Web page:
Driving Traffic Using Rich Snippets

Search engine algorithms are constantly being enhanced to serve up the most relevant search results. Online brands are all looking to maximize their visibility in SERPs to incite users to click on their site over another and using rich snippets, also known as “snippets”, is one way to help users quickly identify whether your website listing is the most relevant to their query.

By default, the SERP will display title tags, meta descriptions and URLs of ranked pages. Since May 2009 however, Google has enabled webmasters to include valued-added information about their listing, hence the term “rich snippet”. This enables webmasters to include additional information in search results, sourced from structured data from their web pages.

Rich snippets can be used to markup all types of content including, but not limited to:

  • Recipes: picture, ingredients, cooking time, calories
  • Artists: song titles, song length, album, download link
  • Events: date, time, links to buy tickets
Why use rich snippets?

Seeing more precise descriptions of the content, even just an image, immediately draws the user’s eye to that result over another. Which listing would would you click on to find the best lasagna recipe?

Pretty straightforward, right? Sites using rich snippets will be more noticeable in search, and will in turn benefit from better visibility and higher click-through rates. This can significantly increase site traffic but also lower bounce rates, since visitors will have a better idea of what they can expect to find on the page. They will be less likely to leave the page right away, making the average time on site longer, another important metric in Google’s algorithm.

Implementing Rich Snippets

In order to display rich snippets, search engines have to be able to understand your on-page content.

There  are three types of structured data formats that can be used:

  • Microformats: the oldest and most commonly used format. Simple to use but lacks comprehensive data.
  • RDFa: more complex and uses an extensible data format, an XML structure embedded in the HTML structure.
  • Microdata: the most recommended format to date, recommended by Google. It allows users to add very specific properties to data, namely with <span> or  <div> attributes.

Schema.Org was designed to provide a structured data markup supported by major search engines Google, Yahoo! and Microsoft. It is probably the best tool available right now to help webmasters markup their content. Just follow the steps to create a structured code that will facilitate the inclusion of rich snippets.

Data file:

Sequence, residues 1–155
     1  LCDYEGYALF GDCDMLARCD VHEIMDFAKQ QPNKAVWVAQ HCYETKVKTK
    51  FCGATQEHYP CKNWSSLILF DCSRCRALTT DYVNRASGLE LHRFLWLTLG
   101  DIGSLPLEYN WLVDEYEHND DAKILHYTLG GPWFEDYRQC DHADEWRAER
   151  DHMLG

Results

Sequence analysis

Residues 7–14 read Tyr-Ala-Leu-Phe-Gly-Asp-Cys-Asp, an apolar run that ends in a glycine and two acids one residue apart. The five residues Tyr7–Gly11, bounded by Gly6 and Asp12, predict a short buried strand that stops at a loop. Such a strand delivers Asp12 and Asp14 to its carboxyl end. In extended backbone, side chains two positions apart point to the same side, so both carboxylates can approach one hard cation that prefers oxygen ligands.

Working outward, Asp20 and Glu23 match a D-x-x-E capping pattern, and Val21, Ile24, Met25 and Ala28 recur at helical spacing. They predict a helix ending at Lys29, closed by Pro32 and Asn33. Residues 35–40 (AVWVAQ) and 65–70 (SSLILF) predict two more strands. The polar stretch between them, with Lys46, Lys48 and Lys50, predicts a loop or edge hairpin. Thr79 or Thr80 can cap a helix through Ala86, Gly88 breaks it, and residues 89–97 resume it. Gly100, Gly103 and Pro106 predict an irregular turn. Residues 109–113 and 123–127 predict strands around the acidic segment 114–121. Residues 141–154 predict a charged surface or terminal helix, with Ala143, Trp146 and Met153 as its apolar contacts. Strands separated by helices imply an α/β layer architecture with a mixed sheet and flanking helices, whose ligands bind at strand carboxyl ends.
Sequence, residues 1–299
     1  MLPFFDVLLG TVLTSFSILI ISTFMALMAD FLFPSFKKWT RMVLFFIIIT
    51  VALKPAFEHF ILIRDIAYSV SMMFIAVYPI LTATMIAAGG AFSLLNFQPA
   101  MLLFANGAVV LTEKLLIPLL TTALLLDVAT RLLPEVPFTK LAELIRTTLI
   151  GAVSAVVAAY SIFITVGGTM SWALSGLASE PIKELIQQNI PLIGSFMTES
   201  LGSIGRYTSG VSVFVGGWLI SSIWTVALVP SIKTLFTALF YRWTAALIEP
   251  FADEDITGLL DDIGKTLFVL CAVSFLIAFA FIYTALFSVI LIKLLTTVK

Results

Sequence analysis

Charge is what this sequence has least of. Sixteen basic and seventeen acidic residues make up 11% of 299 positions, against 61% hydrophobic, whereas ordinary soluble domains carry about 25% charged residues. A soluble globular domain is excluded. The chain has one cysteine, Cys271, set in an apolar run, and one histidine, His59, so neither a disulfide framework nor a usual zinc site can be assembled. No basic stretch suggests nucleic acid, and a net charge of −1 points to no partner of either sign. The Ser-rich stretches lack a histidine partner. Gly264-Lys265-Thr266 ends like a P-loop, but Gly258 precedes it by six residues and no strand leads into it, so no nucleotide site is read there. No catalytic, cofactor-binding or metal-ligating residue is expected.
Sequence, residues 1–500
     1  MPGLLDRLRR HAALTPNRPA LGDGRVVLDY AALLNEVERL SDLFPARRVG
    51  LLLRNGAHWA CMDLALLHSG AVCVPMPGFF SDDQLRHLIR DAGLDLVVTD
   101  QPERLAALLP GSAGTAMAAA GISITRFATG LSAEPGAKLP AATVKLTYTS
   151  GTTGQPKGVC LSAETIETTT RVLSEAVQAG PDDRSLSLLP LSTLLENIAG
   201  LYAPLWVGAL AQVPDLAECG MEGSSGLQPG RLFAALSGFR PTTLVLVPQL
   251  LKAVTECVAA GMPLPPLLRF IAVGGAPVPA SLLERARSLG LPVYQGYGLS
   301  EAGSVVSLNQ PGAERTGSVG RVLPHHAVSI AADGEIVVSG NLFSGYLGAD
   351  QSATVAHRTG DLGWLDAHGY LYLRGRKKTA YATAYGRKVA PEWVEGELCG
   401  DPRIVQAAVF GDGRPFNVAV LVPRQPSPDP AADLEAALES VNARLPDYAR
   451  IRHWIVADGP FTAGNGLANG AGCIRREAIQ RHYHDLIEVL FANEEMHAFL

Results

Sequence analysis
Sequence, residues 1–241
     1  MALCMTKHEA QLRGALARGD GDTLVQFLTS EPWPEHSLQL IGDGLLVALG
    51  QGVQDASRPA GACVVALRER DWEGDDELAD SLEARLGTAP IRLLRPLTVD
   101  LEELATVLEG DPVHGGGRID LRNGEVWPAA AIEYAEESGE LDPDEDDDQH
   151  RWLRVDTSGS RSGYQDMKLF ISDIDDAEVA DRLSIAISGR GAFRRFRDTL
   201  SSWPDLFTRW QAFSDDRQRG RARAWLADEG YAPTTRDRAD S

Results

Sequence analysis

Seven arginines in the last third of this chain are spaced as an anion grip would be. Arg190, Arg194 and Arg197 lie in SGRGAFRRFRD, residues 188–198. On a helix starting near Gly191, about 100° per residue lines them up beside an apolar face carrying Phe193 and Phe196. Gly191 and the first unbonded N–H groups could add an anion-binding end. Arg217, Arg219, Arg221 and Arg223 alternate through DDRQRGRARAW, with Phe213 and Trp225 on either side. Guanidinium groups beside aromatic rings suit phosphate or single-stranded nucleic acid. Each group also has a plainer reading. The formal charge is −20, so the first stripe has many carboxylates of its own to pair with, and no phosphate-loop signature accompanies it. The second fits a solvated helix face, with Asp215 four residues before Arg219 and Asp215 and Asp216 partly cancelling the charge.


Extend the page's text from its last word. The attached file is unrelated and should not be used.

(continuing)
Microdata principles are fairly straightforward –  basically, three attributes define data:

  • itemscope: identifies the semantic field
  • itemtype: specifies the type of element (recipe, event,…)
  • itemprop: indicates the different properties of the element (cooking time, calories, location of the event)

Here is a simple example extracted from Google Webmaster Tools that shows the attributes used to describe a person:

Using this structured vocabulary, you can relay information from your site to search engines and make your content more visible to users.

Google Authorship and AuthorRank

Another interesting way to add rich snippet information is to link your Google Plus profile to the sites you publish content on. Google Authorship helps Google match authors with their indexed articles and then displays information such as their full name, headshot, number of people in their circles as well as a “more by” link.

This entails linking your G+ profile to the host domain where your articles are published. Different methods can be used to do this but the core steps include:

  • Adding your name to the publications where you are an author (the name must be the same one indicated in your profile)
  • Fill out the Google Authorship registration form.
  • Add the tag below on each page of your website to attribute you as the author of each piece of contenté;

<a href=”[profile_url]?rel=author”>Google</a>

(Replace [profile_url] by your personalized web address)

Authorship can also have a direct impact on the visibility of your site as it adds a layer of transparency and credibility to the content. Readers are also more drawn to visual information which can help lift the number of clicks and visits to pages containing your content.

It’s also important to mention that AuthorRank can have some effect on PageRank and therefore can influence your overall rankings. AuthorRank factors in the authority of an author against the quality of the content and a multitude of other signals that that still haven’t been officially confirmed by Google. But we have already started to notice some changes.

“Author Rank [...] wouldn’t be a replacement for PageRank, but would be used to inform PageRank, therefore enabling Google to rank high-quality content more appropriately.” ( Mike Arnesen, SEOMoz)

(Source: http://www.mikearnesen.com/seomoz/authorrank-example-large.jpg)

From structured data to author rank, our shift to web 3.0, the semantic web, is enabling machines to better “understand” and respond to complex human requests.

So what are you waiting for? Get started on your own rich snippet strategy and leverage this unique opportunity to maximize your visibility in search.

This article was originally written by Laurence Soucy.